Posc, the signature handheld synthesizer from Sonodrome.
Lots of people who read, contribute to, and/or generate the content we feature on Make: Online find themselves in this situation at one point or another: They make something for entertainment, or to educate themselves or their children, post it on the web, and suddenly find they’re getting a lot of attention for the work. Many–and I hope, in fact, most–of these people like their day jobs just fine and are content to let their hobby stay a hobby. But some significant fraction look at all the are-you-selling-these e-mails piling up in their in-boxes, or all the where-can-I-buy-one comments piling up on their threads, and start to wonder: Am I missing an opportunity here?
The decision to turn one’s hobby into a business shouldn’t be taken lightly. No matter how much you love what you’re doing, there are times when any job is just work, and almost any kind of home start-up–whether it’s kit-packing or gadget-building or whatever–is probably going to require more hard work, for lower pay (at least at first), than a 9-to-5 job at an established company. Our hobbies are very often things we do to escape from work, and as much as we may sometimes wish we could spend more time at them, to suddenly find they’ve become obligations may sour, slightly, the pleasure they brought as simple leisure.
That said, there’s almost nothing we like to see better than a maker hanging out a shingle and selling their own handiwork. Finding these people and helping to promote their work was the single biggest reason we launched Makers Market. If you’re on the fence about hanging out your own shingle, give it a look and/or drop me an e-mail, and let’s talk. Likewise, if you’re ready to take the plunge but could use a bit of start-up cash, consider entering our Gadget Freak Design Contest. It’s been running for a couple of weeks, now, but the pool of entrants is still small, and the pool of truly impressive entries is smaller still, so there’s a very real opportunity there for the right clever person with the right clever idea. First prize is $1,000 in cash and guaranteed admission to Makers Market.
By way of inspiration, consider UK-based indie start-up Sonodrome. Since opening their Makers Market store in early March, their kits have been selling like snowcones in the Sahara, with three of their four products being featured in the Boing Boing Bazaar. I caught up with Jim and Kat, this weekend, and had a chance to ask them a few questions about their experience running Sonodrome so far:
Sean Michael Ragan: What first got you interested in hobby electronics?
Jim: It’s been a natural progression from tearing things apart as a child. I remember smashing a cathode ray tube with a hammer when I was about 12 years old… It seemed destructive at the time, but the vacuum caused some of the glass to get sucked in and ever since then I was really interested in how it all worked.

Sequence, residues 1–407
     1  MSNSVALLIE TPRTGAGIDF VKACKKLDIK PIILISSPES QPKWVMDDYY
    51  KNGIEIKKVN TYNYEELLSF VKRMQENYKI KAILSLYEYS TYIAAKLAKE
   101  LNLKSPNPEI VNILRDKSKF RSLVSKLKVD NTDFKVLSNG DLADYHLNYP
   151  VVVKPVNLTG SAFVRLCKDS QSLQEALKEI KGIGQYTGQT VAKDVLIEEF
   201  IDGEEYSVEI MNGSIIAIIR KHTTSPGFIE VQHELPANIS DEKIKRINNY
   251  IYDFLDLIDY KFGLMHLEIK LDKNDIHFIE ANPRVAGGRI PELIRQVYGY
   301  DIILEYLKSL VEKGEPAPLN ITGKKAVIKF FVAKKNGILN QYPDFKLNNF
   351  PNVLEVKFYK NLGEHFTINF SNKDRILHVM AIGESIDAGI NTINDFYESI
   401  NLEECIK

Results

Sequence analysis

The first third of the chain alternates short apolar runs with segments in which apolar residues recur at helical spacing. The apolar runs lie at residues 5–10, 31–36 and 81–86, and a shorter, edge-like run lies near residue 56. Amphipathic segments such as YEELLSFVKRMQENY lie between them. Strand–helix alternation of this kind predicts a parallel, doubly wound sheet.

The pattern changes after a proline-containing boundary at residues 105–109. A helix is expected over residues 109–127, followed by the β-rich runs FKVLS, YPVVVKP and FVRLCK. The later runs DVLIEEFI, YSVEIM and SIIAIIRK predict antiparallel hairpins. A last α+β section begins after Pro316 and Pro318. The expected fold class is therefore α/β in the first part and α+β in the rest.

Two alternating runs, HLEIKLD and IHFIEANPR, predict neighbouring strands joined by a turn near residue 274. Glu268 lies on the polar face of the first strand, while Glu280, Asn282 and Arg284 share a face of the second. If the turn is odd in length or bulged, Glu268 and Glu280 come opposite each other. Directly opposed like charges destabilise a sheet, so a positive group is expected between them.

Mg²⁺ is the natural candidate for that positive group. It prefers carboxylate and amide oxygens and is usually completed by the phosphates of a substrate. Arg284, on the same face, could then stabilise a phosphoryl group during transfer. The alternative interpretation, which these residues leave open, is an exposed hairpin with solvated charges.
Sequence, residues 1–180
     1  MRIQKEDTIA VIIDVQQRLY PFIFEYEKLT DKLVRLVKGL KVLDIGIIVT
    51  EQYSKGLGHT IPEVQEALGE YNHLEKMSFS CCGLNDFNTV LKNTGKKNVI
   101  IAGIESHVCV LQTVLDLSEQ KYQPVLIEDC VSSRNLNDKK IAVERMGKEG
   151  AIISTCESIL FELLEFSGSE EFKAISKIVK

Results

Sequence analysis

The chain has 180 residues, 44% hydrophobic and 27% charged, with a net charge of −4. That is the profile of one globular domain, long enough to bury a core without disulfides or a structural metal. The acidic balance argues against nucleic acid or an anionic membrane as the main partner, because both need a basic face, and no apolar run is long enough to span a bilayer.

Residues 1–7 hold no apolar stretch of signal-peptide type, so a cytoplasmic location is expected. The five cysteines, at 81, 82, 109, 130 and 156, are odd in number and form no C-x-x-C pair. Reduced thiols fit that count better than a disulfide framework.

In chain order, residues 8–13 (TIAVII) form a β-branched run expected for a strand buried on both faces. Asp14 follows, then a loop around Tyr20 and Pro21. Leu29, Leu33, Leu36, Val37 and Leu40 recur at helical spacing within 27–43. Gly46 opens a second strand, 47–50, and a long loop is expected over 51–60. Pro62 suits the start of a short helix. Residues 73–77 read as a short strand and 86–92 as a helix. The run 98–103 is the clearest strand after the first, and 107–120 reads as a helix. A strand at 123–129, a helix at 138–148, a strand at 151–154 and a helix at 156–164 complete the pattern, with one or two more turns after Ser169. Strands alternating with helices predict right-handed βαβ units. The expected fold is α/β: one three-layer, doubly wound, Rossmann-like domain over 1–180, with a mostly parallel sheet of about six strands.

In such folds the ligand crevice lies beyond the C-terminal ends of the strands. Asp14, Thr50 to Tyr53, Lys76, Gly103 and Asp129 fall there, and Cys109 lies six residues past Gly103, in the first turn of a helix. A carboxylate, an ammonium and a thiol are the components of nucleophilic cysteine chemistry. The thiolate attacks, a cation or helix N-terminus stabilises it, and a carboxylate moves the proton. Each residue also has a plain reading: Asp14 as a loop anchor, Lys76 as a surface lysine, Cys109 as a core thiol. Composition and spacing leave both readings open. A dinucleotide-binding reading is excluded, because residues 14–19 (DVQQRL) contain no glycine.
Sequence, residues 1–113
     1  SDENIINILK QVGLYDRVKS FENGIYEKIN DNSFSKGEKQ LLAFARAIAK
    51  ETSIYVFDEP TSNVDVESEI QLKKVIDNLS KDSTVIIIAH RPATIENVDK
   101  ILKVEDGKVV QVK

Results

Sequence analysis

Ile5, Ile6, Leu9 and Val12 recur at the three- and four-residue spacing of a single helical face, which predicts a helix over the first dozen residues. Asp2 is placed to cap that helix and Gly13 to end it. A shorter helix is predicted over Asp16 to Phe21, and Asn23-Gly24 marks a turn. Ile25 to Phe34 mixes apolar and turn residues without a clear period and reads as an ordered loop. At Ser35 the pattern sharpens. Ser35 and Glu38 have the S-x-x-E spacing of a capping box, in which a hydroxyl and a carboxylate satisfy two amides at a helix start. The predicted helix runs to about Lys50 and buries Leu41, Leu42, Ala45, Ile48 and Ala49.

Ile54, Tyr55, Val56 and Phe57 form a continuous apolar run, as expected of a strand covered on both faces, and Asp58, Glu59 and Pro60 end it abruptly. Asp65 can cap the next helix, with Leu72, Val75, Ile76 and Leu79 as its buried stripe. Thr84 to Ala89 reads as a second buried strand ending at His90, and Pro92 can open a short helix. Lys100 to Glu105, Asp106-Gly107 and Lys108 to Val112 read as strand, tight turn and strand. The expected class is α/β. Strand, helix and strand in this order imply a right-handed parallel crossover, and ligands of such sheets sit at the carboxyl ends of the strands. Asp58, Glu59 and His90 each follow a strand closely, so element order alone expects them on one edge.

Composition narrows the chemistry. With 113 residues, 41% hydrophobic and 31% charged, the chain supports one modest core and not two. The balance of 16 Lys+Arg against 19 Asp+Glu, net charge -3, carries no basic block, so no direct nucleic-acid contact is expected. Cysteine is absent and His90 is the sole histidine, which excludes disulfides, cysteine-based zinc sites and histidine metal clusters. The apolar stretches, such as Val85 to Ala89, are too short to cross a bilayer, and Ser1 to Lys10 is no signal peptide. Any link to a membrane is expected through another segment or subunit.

SMR: What was your first product? What was your inspiration?
Kat: Jim designed our Posc when we were at university. He was bored with the usual buttons, knobs and sliders on commercial devices and wanted to create an instrument with an alternative method of control. People liked how it was gestural and enjoyed the sounds it could create – we had a lot of requests from people who wanted them, so we figured it’d be a great product to start with.
SMR: How and why did you decide to start selling kits?
Jim: We wanted to share what we were passionate about, and encourage hands on learning at the same time. We’d just finished university and England was in the middle of an economic crisis – there wasn’t any jobs for anyone, let alone Music Technology graduates. The only way we’d get to do what we wanted was by doing it ourselves.
SMR: Where did your start-up funding come from?
Kat: We’ve started up with next to nothing. The Institute of Digital Innovation awarded us Innovation Fellowships, which helped to support us personally as we got the business going, but Sonodrome was originally set up with just the equipment and skills we’d accumulated throughout our degrees.
SMR: What’s been the biggest challenge so far?
Kat: With a lack of start-up capital we’ve had to do some pretty long hours at Sonodrome HQ! We’re completely self-reliant, which can get stressful at times, but we like to get our hands dirty so that always helps!
SMR: Are there other kits, either in your field or not, from other indie electronics firms that you really admire? Or any indie kit makers in general?
Jim: We really like what Brian and Kelli over at Monome do. Hardware/Software hybrids interest us, and we relate to and appreciate their open source attitude.
SMR: Anything else you’d care to add?
Kat: Within the maker community people are sharing their ideas and helping others to get creative with technology. There’s a lot of cool people doing a lot of cool stuff, and we feel really lucky to be part of it.
Thanks, Kat! Thanks, Jim! Be sure to check out Sonodrome’s other hardware in their Makers Market store, and the custom software they’ve written for it at their UK site.